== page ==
Learn more about how to search NCBI Gene at our bioinformatics webinar next Thursday, March 9 at 10 am PT/ 11 am MT/ Noon CT/ 1pm ET

Can’t make it? Register anyway & we’ll send you a recording. Registration info below.

Five questions you can answer using the NCBI Gene database

Mar 9, 2017
1:00PM – 2:00PM ET






Job Opportunity at NTC

Wednesday, April 22nd, 2015

Assistant Director, National Library of Medicine Training Center

The Spencer S. Eccles Health Sciences Library at the University of Utah seeks an imaginative team leader with progressive ideas to lead the National Library of Medicine Training Center (NTC). The Assistant Director reports directly to the Associate Director of the NN/LM MidContinental Region. The Assistant Director plans and implements the activity of the NTC; supervises NTC professional and support staff; and, in conjunction with National Library of Medicine staff, coordinates the activities of the NTC with other components of the NN/LM program, in order to support the effective use of NLM information products and services.  With the NTC team, the Assistant Director assures compliance with all elements of the Statement of Work that is part of the contract with the National Library of Medicine and develops and implements a strategic program plan for the NTC, including the appropriate assessment and evaluation of instruction. The individual in this position prepares an annual budget and supervises the timely delivery of class reports, quarterly reports, annual reports, and evaluation reports. The Assistant Director conducts online and in-person training classes throughout the United States on PubMed, TOXNET and other topics related to training and NLM resources and coordinates NCBI training. The NTC web site, social media plan, and national and regional class registration system falls under the Assistant Director’s supervision.  Responsibilities also include monitoring new developments related to NLM products and services and monitoring, disseminating and incorporating new information and trends related to distance learning, adult learning and instruction. Position is a full-time, non-tenure track faculty position.

For more information on duties, qualifications, etc. please view our job listing < >

Affirmative Action Statement

The University of Utah is an Affirmative Action/Equal Opportunity employer and does not discriminate based upon race, national origin, color, religion, sex, age, sexual orientation, gender identity/expression, status as a person with a disability, genetic information, or Protected Veteran status. Individuals from historically underrepresented groups, such as minorities, women, qualified persons with disabilities and protected veterans are encouraged to apply. Veterans’ preference is extended to qualified applicants, upon request and consistent with University policy and Utah state law. Upon request, reasonable accommodations in the application process will be provided to individuals with disabilities. To inquire about the University’s nondiscrimination or affirmative action policies or to request disability accommodation, please contact: Director, Office of Equal Opportunity and Affirmative Action, 201 S. Presidents Circle, Rm 135, (801) 581-8365.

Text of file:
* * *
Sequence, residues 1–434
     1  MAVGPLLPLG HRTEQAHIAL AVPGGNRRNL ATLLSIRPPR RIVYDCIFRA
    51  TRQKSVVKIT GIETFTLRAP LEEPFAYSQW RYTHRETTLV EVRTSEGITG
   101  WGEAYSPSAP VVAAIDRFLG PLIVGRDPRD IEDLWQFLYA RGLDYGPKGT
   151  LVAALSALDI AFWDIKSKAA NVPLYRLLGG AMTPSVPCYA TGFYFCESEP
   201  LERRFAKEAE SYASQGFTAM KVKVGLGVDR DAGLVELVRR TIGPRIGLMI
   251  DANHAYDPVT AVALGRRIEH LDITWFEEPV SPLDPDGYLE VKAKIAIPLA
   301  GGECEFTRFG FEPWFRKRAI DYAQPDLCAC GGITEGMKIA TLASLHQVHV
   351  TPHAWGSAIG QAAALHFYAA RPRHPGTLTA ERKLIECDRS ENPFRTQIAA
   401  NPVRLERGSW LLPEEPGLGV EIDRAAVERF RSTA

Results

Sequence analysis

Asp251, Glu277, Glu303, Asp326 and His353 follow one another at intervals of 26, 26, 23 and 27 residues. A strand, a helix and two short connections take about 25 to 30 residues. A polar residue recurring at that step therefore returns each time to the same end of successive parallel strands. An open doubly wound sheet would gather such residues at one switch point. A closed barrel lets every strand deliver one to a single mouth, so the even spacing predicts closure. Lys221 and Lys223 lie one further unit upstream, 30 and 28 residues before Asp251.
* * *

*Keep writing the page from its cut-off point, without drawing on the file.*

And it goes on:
The University of Utah values candidates who have experience working in settings with students from diverse backgrounds, and possess a strong commitment to improving access to higher education for historically underrepresented students.

The University of Utah Health Sciences Center is a patient focused center distinguished by collaboration, excellence, leadership, and Respect.  The University of Utah HSC values candidates who are committed to fostering and furthering the culture of compassion, collaboration, innovation, accountability, diversity, integrity, quality, and trust that is integral to the mission of the University of Utah Health Sciences Center.

Turn Text into a Mind Map

Monday, March 30th, 2015

This is a fun tool for getting thoughts down quickly and it has a pretty shallow learning curve. Just go to: It’s free and you don’t even have to register to get started.

NIH Manuscript Submission System (NIHMS)

Monday, January 26th, 2015

Watch this 4 minute video to for step-by-step instructions for submitting manuscripts and associated files to PubMed Central to comply with the National Institutes of Health (NIH) Public Access Policy.